Half of registered voters agree with President Donald Trump on arming teachers, according to a new poll.

Trump called for considering the training and arming of teachers in the wake of the deadly Feb. 14 shooting in Parkland, Florida, that took the lives of 17 people and wounded at least 14. He tweeted that teachers “and trusted people who work within a school” should receive a yearly bonus if they arm themselves.

Fifty percent of those polled support arming teachers, 43 percent oppose it, and 8 percent said they don’t know or had no opinion in the Morning Consult/Politico poll. The total didn’t equal 100 percent owing to rounding.

Asked whether they thought equipping teachers and school staff with concealed firearms to respond in the event of a school shooting would make schools more or less safe, or not have much impact either way, a plurality—39 percent—answered they would feel safer if teachers were armed. Twenty-nine percent said less safe, 20 percent said it would not make a difference either way, and 12 percent didn’t know or had no opinion.

Republicans favor arming teachers much more than Democrats, with 72 percent of the former supporting the idea and 61 percent of the latter opposing it.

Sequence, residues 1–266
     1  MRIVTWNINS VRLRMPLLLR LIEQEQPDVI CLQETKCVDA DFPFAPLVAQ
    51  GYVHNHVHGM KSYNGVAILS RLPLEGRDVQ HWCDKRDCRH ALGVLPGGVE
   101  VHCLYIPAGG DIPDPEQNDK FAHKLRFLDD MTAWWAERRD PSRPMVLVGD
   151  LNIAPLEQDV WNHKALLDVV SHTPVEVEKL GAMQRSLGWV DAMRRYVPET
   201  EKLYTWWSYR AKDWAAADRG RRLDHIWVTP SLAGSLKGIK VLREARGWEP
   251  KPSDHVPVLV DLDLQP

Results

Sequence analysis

Forty-one percent of the poll’s respondents own guns themselves.

Trump said it was “up to states” to pass legislation authorizing arming teachers, but Michael Steel, former spokesman for then-House Speaker John Boehner, R-Ohio, told the pollster that Trump has a chance to get something done nationally.

“I think because of the president’s extraordinarily close relationship with the [National Rifle Association] and his enormous credibility with base GOP voters on this issue, particularly strong in rural areas, I think he has the opportunity to get something done,” he said.

Morning Consult/Politico conducted the poll Feb. 22-26 among a national sample of 1,992 registered voters in online interviews. The data were weighted to match the demographics of registered voters, and the margin of error is plus or minus 2 percent.

There are eight states that already allow teachers to carry guns on K-12 school grounds, The Wall Street Journal reported, and six other states are considering legislation to allow teachers to carry.